Originally Posted by Blackops_2
Placement IMO should come before bullets. No bullet on earth is going to guarantee good performance, and it just furthers the result if placement is not precise.
That was my point above.
Originally Posted by blacksky
Just about every precision rifleman knows the 100-yard group his rifle fires; since he knows his group doubles at 200 yards, and triples at 300, quadruples at 400 and so on, he can determine the maximum distance that he can place a shot in a deer’s vitals – which is his maximum range.
Not sure what that has to do with what you quoted, but OK.
If the game animal was standing still, on a billiard table smooth/flat surveyed range, tied to the "600 yards" sign, on a perfectly windless day, you (and Maj Plaster) would be right.
The real world doesn't work like that. Reread Maj Plaster's article, but this time go all the way to the bottom, specifically "The Ethics of the Long-Range Shot"
My 6.5-06 is about a 3/4 minute gun. I would say I am a decent shot, I have been varmint hunting for about 20 years, used to compete in NRA/CMP Service rifle matches pretty regularly (out to 600 yards with iron sights), even have a Leg Medal around here somewhere.
At my local range, there is a steel plate at 600 yards, that is about a foot square. I have so far, never missed that plate with my 6.5.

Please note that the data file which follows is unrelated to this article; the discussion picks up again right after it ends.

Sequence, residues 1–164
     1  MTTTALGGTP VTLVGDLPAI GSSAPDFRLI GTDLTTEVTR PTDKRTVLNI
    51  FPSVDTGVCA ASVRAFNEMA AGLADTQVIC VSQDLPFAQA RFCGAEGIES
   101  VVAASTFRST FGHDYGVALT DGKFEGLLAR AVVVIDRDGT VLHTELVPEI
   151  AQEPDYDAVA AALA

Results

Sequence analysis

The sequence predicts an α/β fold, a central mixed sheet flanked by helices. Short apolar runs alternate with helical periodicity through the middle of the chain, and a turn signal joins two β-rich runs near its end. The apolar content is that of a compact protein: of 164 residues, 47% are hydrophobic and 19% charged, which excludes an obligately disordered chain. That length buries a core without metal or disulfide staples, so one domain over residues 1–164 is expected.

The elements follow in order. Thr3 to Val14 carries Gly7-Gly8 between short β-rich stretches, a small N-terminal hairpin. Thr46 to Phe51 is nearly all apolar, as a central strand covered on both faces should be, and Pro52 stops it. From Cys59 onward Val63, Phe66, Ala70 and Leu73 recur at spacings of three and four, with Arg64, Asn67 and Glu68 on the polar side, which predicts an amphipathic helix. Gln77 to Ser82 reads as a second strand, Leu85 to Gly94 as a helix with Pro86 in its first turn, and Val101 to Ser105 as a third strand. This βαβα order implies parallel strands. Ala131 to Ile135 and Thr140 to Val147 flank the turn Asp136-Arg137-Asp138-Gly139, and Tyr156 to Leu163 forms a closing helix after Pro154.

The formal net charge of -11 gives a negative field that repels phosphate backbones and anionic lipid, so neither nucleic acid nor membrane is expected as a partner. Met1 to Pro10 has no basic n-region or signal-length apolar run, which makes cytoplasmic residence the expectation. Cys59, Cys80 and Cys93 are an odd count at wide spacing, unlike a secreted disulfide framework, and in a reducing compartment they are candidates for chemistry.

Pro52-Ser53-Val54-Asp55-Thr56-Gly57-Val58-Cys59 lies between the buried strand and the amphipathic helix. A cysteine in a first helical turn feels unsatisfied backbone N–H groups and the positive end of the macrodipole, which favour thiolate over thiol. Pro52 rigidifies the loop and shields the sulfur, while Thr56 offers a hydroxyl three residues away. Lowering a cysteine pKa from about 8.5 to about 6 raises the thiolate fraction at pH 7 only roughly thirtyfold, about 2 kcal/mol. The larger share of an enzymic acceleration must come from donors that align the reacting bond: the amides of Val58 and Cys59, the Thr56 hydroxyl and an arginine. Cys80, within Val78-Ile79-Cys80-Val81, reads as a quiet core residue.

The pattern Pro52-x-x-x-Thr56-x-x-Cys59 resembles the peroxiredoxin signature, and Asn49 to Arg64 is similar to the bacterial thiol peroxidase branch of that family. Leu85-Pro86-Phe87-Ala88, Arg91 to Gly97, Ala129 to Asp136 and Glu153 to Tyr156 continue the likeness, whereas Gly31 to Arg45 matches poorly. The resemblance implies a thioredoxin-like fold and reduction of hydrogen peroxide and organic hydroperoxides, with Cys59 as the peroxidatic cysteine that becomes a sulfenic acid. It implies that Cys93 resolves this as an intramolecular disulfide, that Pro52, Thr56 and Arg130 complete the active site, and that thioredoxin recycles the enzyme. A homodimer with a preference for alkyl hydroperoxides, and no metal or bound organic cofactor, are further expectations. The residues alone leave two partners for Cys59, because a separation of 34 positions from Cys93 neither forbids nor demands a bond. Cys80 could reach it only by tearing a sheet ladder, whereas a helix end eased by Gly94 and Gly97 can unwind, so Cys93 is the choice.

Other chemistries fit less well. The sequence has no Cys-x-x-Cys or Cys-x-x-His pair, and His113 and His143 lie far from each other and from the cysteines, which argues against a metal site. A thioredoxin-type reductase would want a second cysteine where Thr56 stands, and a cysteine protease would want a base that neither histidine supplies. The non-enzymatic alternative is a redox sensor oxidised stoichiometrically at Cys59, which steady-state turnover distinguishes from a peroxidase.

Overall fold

I would not take a shot at a deer at that range, for the reasons I stated above. The bullet really will drop about 10" every 25 yards traveled around 600 yards. Those wind figures are from my range sheet for long range matches. Actually, those are for match bullets, hunting bullets will be a little worse.
A prairie dog, sure, and I have, even hit some. The difference is that if you misjudge the wind or the range on a varmint, you miss completely. If you misjudge the wind or range on a deer, you have a cripple.
Even if you have the best laser range finder money can buy, and can get the range perfect every time, you still have to account for wind, and while the 6.5 family are very good in the wind, they are still subject to it. And the funny thing about wind, what is happening where you are standing, is probably not the same thing happening where your target is, or at any point along the bullets path. There are no wind flags in the field, and while mirage is a good guide, that is all it is, a guide. High Master Long Range shooters, with decades of experience, at ranges with wind flags still get the wind wrong regularly.
Just curious, what is the farthest you have shot?